top command use cases. The options are case-sensitive, which means that pressing N and n invokes a different action.
Note: Use the
top command options by pressing the corresponding key while
top is running or enter the option flag directly in the
top command syntax and run it from the command line.
List All Processes
To list all running Linux processes on your system, open a terminal and enter:
The output displays the summary area (the dashboard with resource usage stats) and the task area (a list of all processes).
top updates the information every three seconds by default.
If the process list is long, scroll through it using the Up and Down arrows and Page Up and Page Down keys. To quit
top, press q.
Send a Signal
top command to send any signal to a running process. Press the k key and enter the process PID.
top gives you a chance to type the signal you want to send. Not entering a specific signal kills the process.
Here, we killed the mysql process
Note: See other ways to kill a process to increase system performance. And if you need to allow processes to complete even after logging out, check out our post How to Use Linux nohup Command.
Exit After X Repetitions
top command keeps refreshing the statistics until quitting the program by pressing q. Instruct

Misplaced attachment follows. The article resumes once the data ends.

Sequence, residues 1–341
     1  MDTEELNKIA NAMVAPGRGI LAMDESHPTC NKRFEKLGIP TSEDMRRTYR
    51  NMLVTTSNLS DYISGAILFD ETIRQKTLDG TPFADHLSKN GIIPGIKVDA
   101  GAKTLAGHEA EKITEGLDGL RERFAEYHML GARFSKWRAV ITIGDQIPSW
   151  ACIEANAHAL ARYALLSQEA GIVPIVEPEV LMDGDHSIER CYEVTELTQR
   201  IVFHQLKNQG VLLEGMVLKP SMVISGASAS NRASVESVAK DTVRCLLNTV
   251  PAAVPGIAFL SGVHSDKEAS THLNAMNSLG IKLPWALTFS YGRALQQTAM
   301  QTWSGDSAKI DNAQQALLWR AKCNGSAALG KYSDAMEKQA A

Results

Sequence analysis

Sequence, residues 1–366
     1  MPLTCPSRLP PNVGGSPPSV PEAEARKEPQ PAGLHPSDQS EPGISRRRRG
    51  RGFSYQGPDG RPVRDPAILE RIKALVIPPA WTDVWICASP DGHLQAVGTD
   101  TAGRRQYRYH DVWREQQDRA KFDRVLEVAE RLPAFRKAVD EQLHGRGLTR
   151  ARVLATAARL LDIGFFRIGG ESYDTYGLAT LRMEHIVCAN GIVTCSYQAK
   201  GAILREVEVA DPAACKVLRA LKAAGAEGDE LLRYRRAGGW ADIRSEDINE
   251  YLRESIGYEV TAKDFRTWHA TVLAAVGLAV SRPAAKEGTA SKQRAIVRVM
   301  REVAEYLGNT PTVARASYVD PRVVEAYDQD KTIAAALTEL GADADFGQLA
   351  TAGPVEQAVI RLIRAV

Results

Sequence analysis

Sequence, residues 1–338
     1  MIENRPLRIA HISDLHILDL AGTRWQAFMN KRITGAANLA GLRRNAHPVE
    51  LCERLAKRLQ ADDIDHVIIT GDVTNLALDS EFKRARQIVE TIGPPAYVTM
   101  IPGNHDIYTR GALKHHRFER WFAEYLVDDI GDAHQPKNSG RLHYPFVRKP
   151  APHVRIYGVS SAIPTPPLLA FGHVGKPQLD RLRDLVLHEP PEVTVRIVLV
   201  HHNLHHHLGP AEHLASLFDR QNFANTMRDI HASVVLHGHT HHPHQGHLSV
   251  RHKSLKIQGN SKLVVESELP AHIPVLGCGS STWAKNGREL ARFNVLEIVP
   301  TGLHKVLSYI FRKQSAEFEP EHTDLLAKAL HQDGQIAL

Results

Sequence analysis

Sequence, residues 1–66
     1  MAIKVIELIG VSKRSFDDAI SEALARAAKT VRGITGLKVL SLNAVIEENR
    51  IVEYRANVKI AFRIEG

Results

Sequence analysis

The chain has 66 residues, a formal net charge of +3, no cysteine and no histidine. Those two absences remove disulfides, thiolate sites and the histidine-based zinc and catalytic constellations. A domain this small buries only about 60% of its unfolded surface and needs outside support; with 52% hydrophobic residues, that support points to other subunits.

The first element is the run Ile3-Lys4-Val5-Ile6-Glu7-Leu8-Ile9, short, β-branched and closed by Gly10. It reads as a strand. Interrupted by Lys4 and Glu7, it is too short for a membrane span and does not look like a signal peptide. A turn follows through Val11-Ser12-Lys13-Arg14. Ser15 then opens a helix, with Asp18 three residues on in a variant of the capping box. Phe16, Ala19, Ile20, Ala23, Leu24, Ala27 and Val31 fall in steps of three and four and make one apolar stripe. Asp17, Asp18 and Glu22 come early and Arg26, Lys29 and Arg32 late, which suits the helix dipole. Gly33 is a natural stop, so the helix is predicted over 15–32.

top to quit automatically after refreshing the stats for a specified number of times.
The syntax is:
top -n [X]
[X], specify the number of times you want
top to refresh the output.
top sorts the process list using the
%CPU column. To sort processes using a different column, press one of the following keys:
- M. Sort by the
- N. Sort by
- T. Sort by the
- P. Sort by the
In the following example, the process list is sorted by the
Note: Make the settings and customizations persistent by pressing the W key. The changes will be in effect the next time you start
top. The configurations are kept in the .toprc file in your home directory.
Filter Processes by Specific User
-u option allows you to display all user-specific processes. Press the u key while
top is running or use the following syntax:
top -u [user name]
Pressing the u key in interactive mode prompts for the user name or user ID.